I did obtain copies of the physical response reports from DYS records in which the phrase “unsanctioned technique” is repeated throughout multiple staff members’ accounts of the incident. I also have copies of the photos that were taken of Mallory’s bruises three days after the restraint. Conveniently for the staff involved, there are no cameras in the youth rooms. This potentially allows staff to do whatever they want to these kids while in their rooms, in this case, for 18 minutes. There is no video evidence as to whether or not the helmet and leg restraint were actually necessary. And as I have stated before, if there is no video evidence, there are no consequences.

With the investigation now complete, Weld County Human Services can only make recommendations as to how Platte Valley could have handled this situation differently. I had a conversation with the Weld County caseworker following his investigation, and after interviewing youth and staff and reviewing video footage of the unit outside Mallory’s room, these are his recommendations:

  1. Limit the number of staff members present while attempting verbal de-escalation techniques. The video showed roughly 25-30 staff members on the unit before Mallory was restrained (due to a shift change), which may have created a threatening environment, leading to the escalation of the situation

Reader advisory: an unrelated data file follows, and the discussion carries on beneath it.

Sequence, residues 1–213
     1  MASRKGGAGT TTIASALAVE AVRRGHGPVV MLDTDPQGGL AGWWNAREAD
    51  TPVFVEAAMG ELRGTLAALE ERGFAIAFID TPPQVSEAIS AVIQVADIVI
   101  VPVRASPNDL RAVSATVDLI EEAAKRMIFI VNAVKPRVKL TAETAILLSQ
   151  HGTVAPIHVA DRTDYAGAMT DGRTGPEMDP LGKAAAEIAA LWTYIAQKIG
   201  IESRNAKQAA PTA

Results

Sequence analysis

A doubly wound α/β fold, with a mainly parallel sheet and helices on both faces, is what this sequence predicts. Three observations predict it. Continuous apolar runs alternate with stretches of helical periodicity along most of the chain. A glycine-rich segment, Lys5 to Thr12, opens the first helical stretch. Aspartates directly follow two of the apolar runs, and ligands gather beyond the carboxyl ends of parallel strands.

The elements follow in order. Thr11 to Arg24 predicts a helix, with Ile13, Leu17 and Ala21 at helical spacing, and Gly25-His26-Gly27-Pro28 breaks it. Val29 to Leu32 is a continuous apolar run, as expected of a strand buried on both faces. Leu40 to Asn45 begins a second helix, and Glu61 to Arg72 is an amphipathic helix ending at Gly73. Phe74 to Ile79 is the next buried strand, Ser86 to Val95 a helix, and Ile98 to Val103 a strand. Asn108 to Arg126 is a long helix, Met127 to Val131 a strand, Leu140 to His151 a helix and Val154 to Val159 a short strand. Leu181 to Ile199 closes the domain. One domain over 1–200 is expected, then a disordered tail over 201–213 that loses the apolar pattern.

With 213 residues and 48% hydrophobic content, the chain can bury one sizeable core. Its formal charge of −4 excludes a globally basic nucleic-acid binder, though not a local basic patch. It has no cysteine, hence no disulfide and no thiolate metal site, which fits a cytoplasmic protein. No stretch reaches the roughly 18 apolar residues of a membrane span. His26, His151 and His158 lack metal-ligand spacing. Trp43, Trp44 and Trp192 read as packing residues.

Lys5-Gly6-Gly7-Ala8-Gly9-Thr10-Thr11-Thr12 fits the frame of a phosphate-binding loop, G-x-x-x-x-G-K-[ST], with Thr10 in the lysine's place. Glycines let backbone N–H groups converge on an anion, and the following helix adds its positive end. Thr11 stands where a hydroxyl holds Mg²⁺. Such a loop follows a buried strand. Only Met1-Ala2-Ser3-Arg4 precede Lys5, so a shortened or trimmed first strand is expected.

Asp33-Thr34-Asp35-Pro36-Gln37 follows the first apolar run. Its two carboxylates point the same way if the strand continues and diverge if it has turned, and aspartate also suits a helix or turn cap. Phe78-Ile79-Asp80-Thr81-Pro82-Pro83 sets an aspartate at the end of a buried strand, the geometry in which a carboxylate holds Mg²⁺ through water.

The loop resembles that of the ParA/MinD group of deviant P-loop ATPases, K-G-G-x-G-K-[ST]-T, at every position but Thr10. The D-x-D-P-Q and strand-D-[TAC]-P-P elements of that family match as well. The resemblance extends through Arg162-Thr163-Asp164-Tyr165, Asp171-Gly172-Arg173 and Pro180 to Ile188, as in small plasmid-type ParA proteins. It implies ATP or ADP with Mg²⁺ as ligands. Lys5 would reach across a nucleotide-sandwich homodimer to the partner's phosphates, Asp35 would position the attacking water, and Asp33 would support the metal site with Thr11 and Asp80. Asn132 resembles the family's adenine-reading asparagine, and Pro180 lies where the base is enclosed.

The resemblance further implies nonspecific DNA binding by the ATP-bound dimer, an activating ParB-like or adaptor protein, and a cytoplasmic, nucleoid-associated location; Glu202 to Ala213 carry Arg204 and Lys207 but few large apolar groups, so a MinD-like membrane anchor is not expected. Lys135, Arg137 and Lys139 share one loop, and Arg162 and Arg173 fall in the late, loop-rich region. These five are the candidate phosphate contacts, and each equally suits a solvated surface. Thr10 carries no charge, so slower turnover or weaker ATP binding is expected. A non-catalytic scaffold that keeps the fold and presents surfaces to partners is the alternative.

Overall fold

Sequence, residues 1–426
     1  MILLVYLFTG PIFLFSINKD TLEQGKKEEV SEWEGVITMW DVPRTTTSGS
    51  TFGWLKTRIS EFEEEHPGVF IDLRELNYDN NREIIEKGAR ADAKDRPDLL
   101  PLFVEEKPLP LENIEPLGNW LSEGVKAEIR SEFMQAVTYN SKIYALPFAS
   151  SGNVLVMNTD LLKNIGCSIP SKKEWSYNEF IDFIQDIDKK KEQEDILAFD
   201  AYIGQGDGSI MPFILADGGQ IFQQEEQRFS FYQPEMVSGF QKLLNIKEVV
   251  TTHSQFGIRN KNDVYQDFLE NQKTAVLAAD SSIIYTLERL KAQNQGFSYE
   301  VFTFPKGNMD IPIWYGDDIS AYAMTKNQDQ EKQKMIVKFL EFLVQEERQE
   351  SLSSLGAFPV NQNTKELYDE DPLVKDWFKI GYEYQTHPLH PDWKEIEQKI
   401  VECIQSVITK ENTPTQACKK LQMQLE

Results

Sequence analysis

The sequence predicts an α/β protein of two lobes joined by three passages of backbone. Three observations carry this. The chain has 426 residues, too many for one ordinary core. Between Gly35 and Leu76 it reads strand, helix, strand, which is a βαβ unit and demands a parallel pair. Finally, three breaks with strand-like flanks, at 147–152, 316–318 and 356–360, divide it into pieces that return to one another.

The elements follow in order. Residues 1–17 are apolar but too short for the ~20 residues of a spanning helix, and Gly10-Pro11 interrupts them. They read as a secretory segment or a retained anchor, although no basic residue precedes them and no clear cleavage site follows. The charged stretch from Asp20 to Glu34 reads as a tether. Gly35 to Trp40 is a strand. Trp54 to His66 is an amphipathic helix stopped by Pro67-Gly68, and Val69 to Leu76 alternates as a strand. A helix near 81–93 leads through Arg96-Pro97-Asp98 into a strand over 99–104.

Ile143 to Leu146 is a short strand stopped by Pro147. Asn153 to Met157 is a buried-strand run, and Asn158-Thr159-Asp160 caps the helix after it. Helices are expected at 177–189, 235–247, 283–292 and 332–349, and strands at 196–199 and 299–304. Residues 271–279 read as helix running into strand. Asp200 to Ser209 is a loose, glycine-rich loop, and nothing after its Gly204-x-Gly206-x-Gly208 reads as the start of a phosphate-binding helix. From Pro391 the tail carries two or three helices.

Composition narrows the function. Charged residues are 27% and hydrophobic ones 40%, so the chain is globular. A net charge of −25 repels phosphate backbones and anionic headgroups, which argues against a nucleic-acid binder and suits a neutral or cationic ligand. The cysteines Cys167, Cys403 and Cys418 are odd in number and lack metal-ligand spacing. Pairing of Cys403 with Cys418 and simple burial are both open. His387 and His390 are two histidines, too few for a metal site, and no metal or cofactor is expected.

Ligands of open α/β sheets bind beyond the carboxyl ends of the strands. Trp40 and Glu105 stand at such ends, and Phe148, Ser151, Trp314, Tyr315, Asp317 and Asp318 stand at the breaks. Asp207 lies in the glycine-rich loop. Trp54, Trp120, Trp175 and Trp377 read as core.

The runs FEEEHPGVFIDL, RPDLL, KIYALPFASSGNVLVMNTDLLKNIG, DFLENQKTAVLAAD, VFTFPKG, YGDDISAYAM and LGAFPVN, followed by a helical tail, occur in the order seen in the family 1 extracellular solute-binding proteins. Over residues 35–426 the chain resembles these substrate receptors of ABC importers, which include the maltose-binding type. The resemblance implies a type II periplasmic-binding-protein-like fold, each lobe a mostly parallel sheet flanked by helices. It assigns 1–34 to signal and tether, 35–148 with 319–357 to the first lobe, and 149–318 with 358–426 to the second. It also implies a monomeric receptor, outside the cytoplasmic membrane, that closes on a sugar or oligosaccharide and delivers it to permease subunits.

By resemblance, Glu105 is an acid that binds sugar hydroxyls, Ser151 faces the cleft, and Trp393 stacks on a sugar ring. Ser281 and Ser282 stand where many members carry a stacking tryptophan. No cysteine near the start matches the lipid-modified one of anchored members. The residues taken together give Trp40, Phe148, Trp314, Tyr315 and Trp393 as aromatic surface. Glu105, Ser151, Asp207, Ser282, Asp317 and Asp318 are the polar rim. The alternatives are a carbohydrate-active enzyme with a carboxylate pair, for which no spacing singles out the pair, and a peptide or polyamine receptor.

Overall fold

2. At least one body camera should be worn by a supervisor involved in such incidents for transparency inside the youth rooms which have no video surveillance

Transparency is something that DYS and DHS lack considerably. While the Weld County caseworker conducting this investigation was initially sharing information about Mallory’s case with me freely, he has been ignoring my requests for a copy of his report for several weeks, as well as a request from Mallory herself. Hopefully he actually made these recommendations to Platte Valley, and hopefully Platte Valley will take them seriously. However, I question the legitimacy of this whole process which, much like everything else within DYS, wreaks of concealment.